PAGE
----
I readjusted the second stage, closed up the cans, put a hose on and tried it on the bench. There was a nice improvement in performance. I then took it apart and reinstalled the washers and tried it again. We're cookin' with gas now! Holy mackerel ! Can't wait for Lake Michigan to calm down for a real test. So, especially if you have been diving for a while, make sure your second stage is set properly and you will be good to go.
That is why I posted the pictures about the lever height and three posts earlier I was talking about checking the cracking effort.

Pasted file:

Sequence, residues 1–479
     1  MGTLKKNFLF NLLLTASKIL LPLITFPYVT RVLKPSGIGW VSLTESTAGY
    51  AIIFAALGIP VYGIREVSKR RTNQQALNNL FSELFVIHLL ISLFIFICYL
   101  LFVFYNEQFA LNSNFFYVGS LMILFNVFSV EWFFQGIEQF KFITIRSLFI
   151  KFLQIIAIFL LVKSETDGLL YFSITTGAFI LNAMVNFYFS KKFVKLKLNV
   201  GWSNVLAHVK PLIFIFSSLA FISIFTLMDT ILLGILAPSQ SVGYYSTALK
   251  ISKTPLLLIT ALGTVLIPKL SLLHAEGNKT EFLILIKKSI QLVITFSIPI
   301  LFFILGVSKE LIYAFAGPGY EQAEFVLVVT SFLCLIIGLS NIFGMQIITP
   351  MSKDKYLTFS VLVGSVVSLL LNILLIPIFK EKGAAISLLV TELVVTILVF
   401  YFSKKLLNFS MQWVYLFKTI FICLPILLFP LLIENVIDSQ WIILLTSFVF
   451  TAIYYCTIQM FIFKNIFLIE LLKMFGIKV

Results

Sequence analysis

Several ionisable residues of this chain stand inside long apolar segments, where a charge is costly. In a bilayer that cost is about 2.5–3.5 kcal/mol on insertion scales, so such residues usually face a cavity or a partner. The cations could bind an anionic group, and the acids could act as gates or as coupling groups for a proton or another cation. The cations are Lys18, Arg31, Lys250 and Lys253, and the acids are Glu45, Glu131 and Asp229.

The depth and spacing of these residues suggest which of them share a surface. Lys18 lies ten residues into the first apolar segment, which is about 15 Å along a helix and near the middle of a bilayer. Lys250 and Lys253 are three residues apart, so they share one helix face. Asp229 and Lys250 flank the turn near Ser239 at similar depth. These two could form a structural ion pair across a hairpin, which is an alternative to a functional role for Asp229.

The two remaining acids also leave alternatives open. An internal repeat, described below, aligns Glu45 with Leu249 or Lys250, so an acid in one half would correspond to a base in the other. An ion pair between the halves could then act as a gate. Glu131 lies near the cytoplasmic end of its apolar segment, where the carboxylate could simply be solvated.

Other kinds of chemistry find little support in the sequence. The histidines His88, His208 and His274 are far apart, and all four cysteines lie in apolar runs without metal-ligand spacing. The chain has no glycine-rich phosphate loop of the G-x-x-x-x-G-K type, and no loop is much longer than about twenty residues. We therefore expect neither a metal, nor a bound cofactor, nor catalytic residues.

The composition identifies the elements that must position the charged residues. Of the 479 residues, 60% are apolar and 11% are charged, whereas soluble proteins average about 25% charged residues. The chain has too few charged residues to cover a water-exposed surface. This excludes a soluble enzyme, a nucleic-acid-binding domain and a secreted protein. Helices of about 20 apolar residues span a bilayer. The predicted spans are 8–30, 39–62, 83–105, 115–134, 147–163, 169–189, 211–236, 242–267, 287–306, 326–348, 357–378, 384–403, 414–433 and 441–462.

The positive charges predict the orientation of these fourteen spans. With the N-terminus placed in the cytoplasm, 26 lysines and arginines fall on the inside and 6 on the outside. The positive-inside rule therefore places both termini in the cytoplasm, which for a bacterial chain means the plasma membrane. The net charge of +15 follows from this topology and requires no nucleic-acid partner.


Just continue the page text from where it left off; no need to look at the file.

The venturi flow is an aerodynamic flow pattern that creates a relative vacuum at a point (area) where the flow has being accelerated, in this case by the jet exhaust of the second stage. That vacuum in this case will assist in holding the diaphragm down, but that will only happen if the force required to hold the diaphragm is low enough. That is the reason why a low cracking effort is still required.
Having a low cracking effort in combination with a reliably powerful venturi flow will provide the best stable performance in a double hose regulator. And to take advantage of that venturi flow, the flow diverter will direct the flow into the divers mouth without any blow-by wasted air.